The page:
THE Forest of Dean will be protected from the vultures of private ownership, the Government has vowed.
But whilst pledging to protect the ancient woodlands, a consultation document has revealed it will be handed over to a charity and expected to become "self funding".
It means the owners would have to find ways to generate cash from it.
Officials said funds could be raised through recreational activities such as installing adventure park-style "high-wires", or selling off excess wood for fuel.
Environment Secretary Caroline Spelman insists the proposals unveiled yesterday will protect the historic woodland, which covers 35 square miles, for future generations.
The cabinet minister said transferring the premier oak forest and other "heritage woodland" to charitable trusts, such as the National Trust, would mean they would continue to be run in the national interest.
The woodland would be transferred at no cost to the new owners.
But while there would be initial government funding, the consultation document outlining proposals states it "would be expected to become less reliant on government support over time."
It adds: "The charity could pursue income generating activities in the forest, consistent with the delivery of public benefits."
Announcing the proposals on the future management and ownership of the woodland run by the Forestry Commission, the Secretary of State said: "A lot of people's fears will prove to be unfounded."
She added: "All those who want to own and manage forests will continue to be regulated by the Forestry Commission."
Ms Spelman was optimistic charities would want to run the forest.
"Trusts will come forward because people care deeply about their woodlands and forests.
"I think we can be reasonably confident there will be trusts interested in those heritage forests," she said.
There would be no upfront investment and grants would also be available to help towards running costs.
Ms Spelman said there was existing legislation to protect rights of access and changes would be made to the Public Bodies Bill currently going through Parliament to "strengthen those protections to all types of forest".
She said: "The government is absolutely committed to the ongoing provision and protection of the public benefits provided by the public forest estate.
"We will bring forward amendments to the Public Bodies Bill to create a strengthened framework to safeguard the natural and social capital our forests provide now and for future generations.
"We will make sure that public access is maintained and biodiversity protected."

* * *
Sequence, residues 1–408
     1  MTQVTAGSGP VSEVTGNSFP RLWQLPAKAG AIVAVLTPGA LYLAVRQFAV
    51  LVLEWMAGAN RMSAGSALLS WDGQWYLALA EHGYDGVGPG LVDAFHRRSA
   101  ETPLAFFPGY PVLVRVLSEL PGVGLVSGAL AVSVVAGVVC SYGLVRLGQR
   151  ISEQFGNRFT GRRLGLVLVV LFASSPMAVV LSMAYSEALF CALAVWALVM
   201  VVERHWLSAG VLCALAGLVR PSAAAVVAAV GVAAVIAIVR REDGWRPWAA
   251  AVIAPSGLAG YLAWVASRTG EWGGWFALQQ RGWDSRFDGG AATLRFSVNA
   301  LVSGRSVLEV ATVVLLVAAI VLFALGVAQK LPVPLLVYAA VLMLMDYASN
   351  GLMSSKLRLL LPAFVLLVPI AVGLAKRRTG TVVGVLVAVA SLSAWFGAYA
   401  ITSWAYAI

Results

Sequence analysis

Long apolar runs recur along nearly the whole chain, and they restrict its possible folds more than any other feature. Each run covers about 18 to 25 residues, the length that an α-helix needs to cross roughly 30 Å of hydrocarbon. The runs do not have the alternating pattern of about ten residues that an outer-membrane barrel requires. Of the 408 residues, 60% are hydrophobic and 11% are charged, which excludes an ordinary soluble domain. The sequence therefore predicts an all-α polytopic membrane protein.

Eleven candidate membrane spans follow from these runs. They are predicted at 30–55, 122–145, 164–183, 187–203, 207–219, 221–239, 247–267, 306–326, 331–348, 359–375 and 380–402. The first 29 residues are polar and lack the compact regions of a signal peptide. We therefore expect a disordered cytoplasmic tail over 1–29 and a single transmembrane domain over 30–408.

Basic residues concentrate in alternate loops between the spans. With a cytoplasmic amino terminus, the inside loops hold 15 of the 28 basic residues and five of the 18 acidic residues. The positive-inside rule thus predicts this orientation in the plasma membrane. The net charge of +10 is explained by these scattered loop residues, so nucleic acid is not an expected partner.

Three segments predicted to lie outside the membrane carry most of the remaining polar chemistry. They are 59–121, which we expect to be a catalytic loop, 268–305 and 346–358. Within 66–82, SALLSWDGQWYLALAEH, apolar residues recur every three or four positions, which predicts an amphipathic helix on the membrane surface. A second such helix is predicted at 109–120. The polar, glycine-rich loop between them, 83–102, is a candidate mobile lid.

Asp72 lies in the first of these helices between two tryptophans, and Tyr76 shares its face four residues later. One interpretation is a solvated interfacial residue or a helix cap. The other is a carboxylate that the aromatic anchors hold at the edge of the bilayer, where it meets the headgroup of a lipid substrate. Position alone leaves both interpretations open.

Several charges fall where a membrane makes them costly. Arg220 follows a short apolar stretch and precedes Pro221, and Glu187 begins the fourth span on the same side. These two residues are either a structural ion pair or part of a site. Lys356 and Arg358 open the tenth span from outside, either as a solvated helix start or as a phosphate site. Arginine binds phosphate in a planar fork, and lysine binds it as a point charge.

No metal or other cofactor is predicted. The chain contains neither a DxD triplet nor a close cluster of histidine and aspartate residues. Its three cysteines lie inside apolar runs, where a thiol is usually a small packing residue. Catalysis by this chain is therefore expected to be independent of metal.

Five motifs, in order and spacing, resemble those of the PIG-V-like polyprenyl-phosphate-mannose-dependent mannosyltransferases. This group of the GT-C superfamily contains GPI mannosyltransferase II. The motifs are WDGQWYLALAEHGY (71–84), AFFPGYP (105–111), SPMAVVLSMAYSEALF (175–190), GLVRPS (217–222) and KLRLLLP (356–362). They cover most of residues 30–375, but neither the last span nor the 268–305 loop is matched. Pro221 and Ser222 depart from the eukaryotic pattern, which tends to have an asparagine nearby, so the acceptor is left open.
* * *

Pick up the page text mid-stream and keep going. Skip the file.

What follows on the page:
Conservative MP for the Forest of Dean Mark Harper said the consultation confirmed the Forest is not for sale to private or commercial owners.
He believes the document will be welcomed by residents.
For several weeks Mr Harper has been a vociferous backer of the legislation, telling people it would help protest the woodlands rather than place it at risk.
Campaigners in the district have staged public rallies urging the bill to be scrapped, despite his stance.
Mr Harper said: "I have been consistently telling my constituents that the Government had no plans to sell the Forest of Dean to private or commercial owners and that all that was being considered was a proposal to transfer the ownership or management of the Forest to a charitable trust in order to involve local people more closely in its care."
He urged constituents to take part in the consultation and make their views known.
On the Government commitment that the Forest of Dean could only be transferred to a charitable trust or remain in public hands, Mr Harper said: "Many of my constituents want to ensure that the protection provided by the existing exemption for the Forest of Dean in the Forestry Act 1967, as amended, continues.
"I am very pleased that the Secretary of State has confirmed that the Government will amend the Public Bodies Bill so that the Forest of Dean could only be transferred to a charitable organisation or remain in public ownership, in line with the policy as set out in the consultation."
Labour has secured an opposition debate in the Commons next Wednesday on the future of the nation's woodland.
It will be the first time MPs have been able to have a full debate on the issue, as the legislation is currently making its way through the House of Lords.
Many MPs have been critical of the issue and believe the status quo should remain in place.
A major public consultation has now kicked off and will run until April 21.
Members of the public are being encouraged to have their say on the proposed legislation before it is too late.
The Government say the views will be taken into account when it comes before the house.
The consultation document can be found at www.defra.gov.uk/corporate/consult/forests/index.htm.
Comments can be submitted by following the link.